When I decided to make a quick stop in Bratislava en route to Romania, I had no idea what to expect. I knew nothing about Slovakia, and less than nothing about Bratislava! However, sometimes a little ignorance isn’t actually a bad thing. I only stayed in Bratislava for a short time, but it was undeniably sweet, and the perfect antidote to the travel blues that had fallen upon me.
Bratislava is the perfect place to spend a day or two. The city is small enough that you can walk to pretty much everything and avoid paying for public transport, but has enough points of interest to keep you from becoming bored. Not gonna lie, that is kinda the perfect combo right there!
I spent my first few hours in Bratislava just wandering and getting a feel for the city and its layout, but after a while I found myself lost and needing directions back into the centre of the city.
As I attempted to find someone who spoke a little bit of broken English (easier said than done, I assure you) I stumbled across what was to become my favourite spot in the city – the absolutely stunning Blue Church.
Now, I am not usually one to get excited over a church. I am not a religious person in the slightest, but, if you travel a lot, every once in a while you will come across a church that is worth more than just a passing glance, even if you aren’t really all about your faith.
For me, the Blue Church is one such church. It is just so different from any other religious site I have ever seen! The architecture and painting looks more kitschy than anything, a vibe which I was most definitely digging.
Another positive thing about the Blue Church – it’s a bit out of the way of the city centre, so it sees far fewer tourists and it isn’t difficult to get the place all to yourself for a little while.
Once back in the city centre, there are endless streets, alleys and buildings to explore. I loved how even the dilapidated and decaying buildings still remained bright and beautiful!
The city may be a pretty one, but in my opinion, the sights aren’t what make Bratislava so special, the people do.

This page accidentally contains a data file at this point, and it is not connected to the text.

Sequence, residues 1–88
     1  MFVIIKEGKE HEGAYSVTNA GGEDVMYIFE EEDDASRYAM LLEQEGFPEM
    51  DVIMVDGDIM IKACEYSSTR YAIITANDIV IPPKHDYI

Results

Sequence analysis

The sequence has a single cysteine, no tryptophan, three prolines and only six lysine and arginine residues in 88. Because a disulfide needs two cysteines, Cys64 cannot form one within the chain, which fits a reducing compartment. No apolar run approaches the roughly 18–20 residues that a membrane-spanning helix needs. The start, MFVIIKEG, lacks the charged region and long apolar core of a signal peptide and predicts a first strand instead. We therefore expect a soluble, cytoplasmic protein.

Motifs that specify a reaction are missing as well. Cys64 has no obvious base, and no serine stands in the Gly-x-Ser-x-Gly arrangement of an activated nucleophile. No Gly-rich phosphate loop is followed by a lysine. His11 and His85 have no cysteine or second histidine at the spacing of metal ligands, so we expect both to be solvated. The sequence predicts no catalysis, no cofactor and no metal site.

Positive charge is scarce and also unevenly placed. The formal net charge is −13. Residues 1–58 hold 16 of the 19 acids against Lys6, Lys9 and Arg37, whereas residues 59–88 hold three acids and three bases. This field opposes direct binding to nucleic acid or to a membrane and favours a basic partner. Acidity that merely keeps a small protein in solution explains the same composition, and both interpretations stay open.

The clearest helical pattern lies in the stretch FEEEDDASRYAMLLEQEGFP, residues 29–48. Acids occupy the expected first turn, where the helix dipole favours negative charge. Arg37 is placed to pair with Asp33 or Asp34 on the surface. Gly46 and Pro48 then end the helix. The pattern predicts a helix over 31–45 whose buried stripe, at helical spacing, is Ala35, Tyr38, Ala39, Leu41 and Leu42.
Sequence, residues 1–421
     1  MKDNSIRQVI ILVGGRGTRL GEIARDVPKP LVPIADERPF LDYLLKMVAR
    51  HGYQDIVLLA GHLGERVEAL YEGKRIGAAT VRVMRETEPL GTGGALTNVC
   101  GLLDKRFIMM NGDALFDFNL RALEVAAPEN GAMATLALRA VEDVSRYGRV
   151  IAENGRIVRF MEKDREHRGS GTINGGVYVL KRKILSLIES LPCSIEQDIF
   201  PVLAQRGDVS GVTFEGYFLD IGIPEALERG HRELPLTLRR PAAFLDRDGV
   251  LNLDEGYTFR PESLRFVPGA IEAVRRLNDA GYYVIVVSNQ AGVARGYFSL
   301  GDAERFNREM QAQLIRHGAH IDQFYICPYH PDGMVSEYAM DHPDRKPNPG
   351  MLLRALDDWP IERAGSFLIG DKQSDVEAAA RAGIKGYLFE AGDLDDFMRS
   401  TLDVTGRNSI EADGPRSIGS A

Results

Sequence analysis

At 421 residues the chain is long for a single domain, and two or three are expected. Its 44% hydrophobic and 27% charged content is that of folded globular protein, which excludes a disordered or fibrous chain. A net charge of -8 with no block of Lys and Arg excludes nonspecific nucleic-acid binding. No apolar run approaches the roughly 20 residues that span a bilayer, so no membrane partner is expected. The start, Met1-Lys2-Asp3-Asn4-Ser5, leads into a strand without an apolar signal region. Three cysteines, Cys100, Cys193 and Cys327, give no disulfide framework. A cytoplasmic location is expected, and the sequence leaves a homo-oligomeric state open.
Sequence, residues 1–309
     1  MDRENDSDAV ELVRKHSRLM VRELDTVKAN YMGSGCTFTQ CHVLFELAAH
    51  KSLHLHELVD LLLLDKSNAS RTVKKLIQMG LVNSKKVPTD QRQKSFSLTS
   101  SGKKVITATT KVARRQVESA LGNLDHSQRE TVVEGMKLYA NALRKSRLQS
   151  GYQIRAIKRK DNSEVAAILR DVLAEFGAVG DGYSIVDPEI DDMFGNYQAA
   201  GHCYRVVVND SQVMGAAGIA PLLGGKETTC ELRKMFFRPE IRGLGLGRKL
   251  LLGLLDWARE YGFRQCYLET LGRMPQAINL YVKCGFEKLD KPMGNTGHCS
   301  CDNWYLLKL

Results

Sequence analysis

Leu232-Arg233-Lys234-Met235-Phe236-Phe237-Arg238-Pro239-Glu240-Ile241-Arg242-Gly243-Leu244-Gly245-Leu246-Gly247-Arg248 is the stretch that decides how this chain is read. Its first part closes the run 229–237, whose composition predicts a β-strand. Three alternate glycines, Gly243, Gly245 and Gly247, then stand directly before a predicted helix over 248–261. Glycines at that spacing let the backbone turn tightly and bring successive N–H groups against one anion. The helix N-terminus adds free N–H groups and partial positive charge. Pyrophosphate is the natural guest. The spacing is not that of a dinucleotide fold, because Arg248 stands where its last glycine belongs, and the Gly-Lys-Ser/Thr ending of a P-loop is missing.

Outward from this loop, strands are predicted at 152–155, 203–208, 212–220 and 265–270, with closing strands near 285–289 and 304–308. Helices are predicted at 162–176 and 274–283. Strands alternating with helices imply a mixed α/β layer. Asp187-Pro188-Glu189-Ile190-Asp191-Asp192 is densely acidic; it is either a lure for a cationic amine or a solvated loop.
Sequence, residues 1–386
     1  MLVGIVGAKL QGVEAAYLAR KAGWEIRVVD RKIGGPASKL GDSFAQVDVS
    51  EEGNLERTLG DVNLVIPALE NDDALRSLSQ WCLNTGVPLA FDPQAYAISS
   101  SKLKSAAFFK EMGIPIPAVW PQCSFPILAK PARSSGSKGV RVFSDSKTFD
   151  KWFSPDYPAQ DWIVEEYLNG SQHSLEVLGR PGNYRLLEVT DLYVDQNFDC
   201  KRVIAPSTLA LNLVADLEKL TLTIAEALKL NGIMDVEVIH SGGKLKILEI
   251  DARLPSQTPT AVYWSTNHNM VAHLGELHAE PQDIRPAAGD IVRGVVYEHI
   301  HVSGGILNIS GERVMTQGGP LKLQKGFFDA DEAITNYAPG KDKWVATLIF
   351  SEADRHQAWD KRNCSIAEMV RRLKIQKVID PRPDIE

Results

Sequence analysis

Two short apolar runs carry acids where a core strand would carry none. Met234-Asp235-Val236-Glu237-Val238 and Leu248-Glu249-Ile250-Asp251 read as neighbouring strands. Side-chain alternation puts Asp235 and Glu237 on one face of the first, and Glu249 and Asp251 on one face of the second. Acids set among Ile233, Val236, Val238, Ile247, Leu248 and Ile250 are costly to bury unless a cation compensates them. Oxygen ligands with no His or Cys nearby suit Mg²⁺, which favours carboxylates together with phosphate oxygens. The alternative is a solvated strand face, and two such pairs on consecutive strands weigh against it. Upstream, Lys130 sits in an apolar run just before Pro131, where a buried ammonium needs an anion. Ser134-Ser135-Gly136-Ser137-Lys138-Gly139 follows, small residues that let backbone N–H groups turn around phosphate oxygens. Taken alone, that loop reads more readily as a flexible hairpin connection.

When I reflect back on my time in this city, one particular incident stands out in my mind. I went to the post office with the intention of shipping my big-ass winter jacket back home to Australia now that it would no longer be required. However, what would have taken me five minutes to do in an English-speaking country instead took closer to 40 minutes!
There was not a single human in this post office that spoke English and the ladies behind the desk seemed completely and utterly confused by my attempts and communicating through gesticulation. After a few minutes of such laughably terrible communication that it honestly would have looked at home in a sitcom, other people waiting in line decided to try to help.
In the end, I had seven local Slovakian women with little to no English ushering me around the post office, buying my post bag for me, helping me package it up and showing me where to write on the bag. They even helped me fill out my customs declaration! We were there, muddling through this process for well over half an hour. None of them showed any sign that they minded helping and once my parcel was finally put into what I hope was the outgoing box, they all just smiled at me and acted as if it was no big deal. But it was a big deal to me! It isn’t every day that a group of people are happy to spend a significant chunk of their day helping out a useless foreigner!
Slovakian people are just plain special.
I didn’t spend my time in Bratislava doing anything particularly exciting or out-there or crazy. I spent my time meeting wonderful people and walking around a gorgeous city (very slowly thanks to the blasted knee!) and while doing so, I was able to recharge my travel batteries and cure my travel blues.
Getting to Bratislava: Bratislava is well serviced by international railway and flight connections
Hostel Folks: An absolutely top notch hostel with amazing common areas and awesome staff, a dorm bunk starts at around $18/night AUD
Blue Church: Possibly the coolest church you’ll ever see, but be prepared, it isn’t often open for people to go inside
Camera: Images captured with an Olympus OM-D E-M1 in conjunction with M.Zuiko 12-40mm f2/8 lens
Remember: The real magic of Slovakia is with its locals – don’t be afraid to get to know them!